Tiger, Jack, and the cost of remaining great after 40


Editor's note: This article originally appeared on NBC Sports' SportsWorld site.

As Jack Nicklaus approached 40 years old, he faced a hard decision. He could feel his game getting away from him. Well, it was obvious. Nicklaus had just endured his first winless year as a professional.

Before 1979, Nicklaus had won at least TWICE every single year since he turned pro. Nicklaus finished 45th on the PGA Tour in earnings in 1979. He had finished first or second in earnings every other year during the 1970s.

But the most gruesome turn was at the major championships. At the end of the 1978 season, Nicklaus missed his first major championship cut since the 1960s. Then, in Nicklaus’ last major before turning 40, he finished 65th at the PGA Championship, the lowest post-cut finish of his entire career. Yes, Nicklaus could feel his game getting away from him, and he knew exactly why. His swing had gotten too shallow.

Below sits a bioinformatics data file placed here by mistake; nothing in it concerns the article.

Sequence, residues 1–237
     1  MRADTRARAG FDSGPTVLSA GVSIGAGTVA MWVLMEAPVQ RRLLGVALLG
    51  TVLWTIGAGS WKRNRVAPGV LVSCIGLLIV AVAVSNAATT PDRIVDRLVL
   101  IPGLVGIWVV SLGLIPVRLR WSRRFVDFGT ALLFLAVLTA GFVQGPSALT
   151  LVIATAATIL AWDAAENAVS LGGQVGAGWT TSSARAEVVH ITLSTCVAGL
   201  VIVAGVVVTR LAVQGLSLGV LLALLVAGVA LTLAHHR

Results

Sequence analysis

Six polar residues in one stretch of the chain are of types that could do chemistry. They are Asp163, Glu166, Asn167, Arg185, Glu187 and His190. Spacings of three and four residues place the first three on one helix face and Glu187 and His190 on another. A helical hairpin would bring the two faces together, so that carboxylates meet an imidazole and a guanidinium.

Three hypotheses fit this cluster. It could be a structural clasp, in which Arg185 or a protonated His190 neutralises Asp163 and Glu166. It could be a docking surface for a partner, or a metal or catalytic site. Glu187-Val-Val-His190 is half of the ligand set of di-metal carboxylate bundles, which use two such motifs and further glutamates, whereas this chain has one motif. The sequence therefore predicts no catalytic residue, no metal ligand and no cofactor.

And Nicklaus faced the hard decision: Should he fix it?

Tiger Woods turns 40 Wednesday, five words I never expected to write. Every now and again, athletes come along and they seem invulnerable to age — you just keep waiting and waiting for them to turn back the clock. Mike Tyson was like that. Jerry Rice was like that. Roger Federer is like that. Most of all, there’s Tiger Woods. People just can’t give up on him.

Well, there’s a good reason for that. Nobody ever played golf like him. Nobody ever played any game quite like him. I was there in Louisville fifteen years ago, when Woods was just 25 years old and playing to win his third consecutive major championship.

Of course, he was playing for more than just a third straight major. Everything Woods did in those days felt new; he was Magellan discovering new golfing lands. He had won the U.S. Open at Pebble Beach by 15 shots in what most golf historians will still tell you was the greatest performance in the history of the sport. Then, he shot 19 under par at the Open Championship at St. Andrews, turning that holy ground into a putt-putt course.

He was, as Tom Watson said, the longest hitter, the straightest hitter, and the best iron player. Woods had the best short game, the most imagination around the greens, he was the best putter, and he thought his way around the golf course better than anyone. He was, essentially, unbeatable. Nobody — not even Nicklaus — achieved such heights.